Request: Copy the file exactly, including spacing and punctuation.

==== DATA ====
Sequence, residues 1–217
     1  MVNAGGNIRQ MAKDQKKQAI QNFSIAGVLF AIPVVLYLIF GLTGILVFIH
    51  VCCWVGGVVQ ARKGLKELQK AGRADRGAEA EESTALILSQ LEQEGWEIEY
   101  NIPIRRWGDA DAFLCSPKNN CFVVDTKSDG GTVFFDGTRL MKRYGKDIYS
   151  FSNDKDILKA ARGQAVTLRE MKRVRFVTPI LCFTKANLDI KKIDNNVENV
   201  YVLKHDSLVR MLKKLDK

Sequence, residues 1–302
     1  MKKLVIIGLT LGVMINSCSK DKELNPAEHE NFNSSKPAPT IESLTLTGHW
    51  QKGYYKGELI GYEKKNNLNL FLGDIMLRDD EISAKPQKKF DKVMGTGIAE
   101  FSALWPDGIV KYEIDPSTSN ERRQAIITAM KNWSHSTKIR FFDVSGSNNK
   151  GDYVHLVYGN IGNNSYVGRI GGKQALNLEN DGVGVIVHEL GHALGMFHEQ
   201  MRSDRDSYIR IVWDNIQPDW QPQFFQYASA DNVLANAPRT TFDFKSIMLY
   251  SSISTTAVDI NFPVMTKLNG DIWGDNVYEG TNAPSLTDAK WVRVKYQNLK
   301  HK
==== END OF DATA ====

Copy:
Sequence, residues 1–217
     1  MVNAGGNIRQ MAKDQKKQAI QNFSIAGVLF AIPVVLYLIF GLTGILVFIH
    51  VCCWVGGVVQ ARKGLKELQK AGRADRGAEA EESTALILSQ LEQEGWEIEY
   101  NIPIRRWGDA DAFLCSPKNN CFVVDTKSDG GTVFFDGTRL MKRYGKDIYS
   151  FSNDKDILKA ARGQAVTLRE MKRVRFVTPI LCFTKANLDI KKIDNNVENV
   201  YVLKHDSLVR MLKKLDK

Sequence, residues 1–302
     1  MKKLVIIGLT LGVMINSCSK DKELNPAEHE NFNSSKPAPT IESLTLTGHW
    51  QKGYYKGELI GYEKKNNLNL FLGDIMLRDD EISAKPQKKF DKVMGTGIAE
   101  FSALWPDGIV KYEIDPSTSN ERRQAIITAM KNWSHSTKIR FFDVSGSNNK
   151  GDYVHLVYGN IGNNSYVGRI GGKQALNLEN DGVGVIVHEL GHALGMFHEQ
   201  MRSDRDSYIR IVWDNIQPDW QPQFFQYASA DNVLANAPRT TFDFKSIMLY
   251  SSISTTAVDI NFPVMTKLNG DIWGDNVYEG TNAPSLTDAK WVRVKYQNLK
   301  HK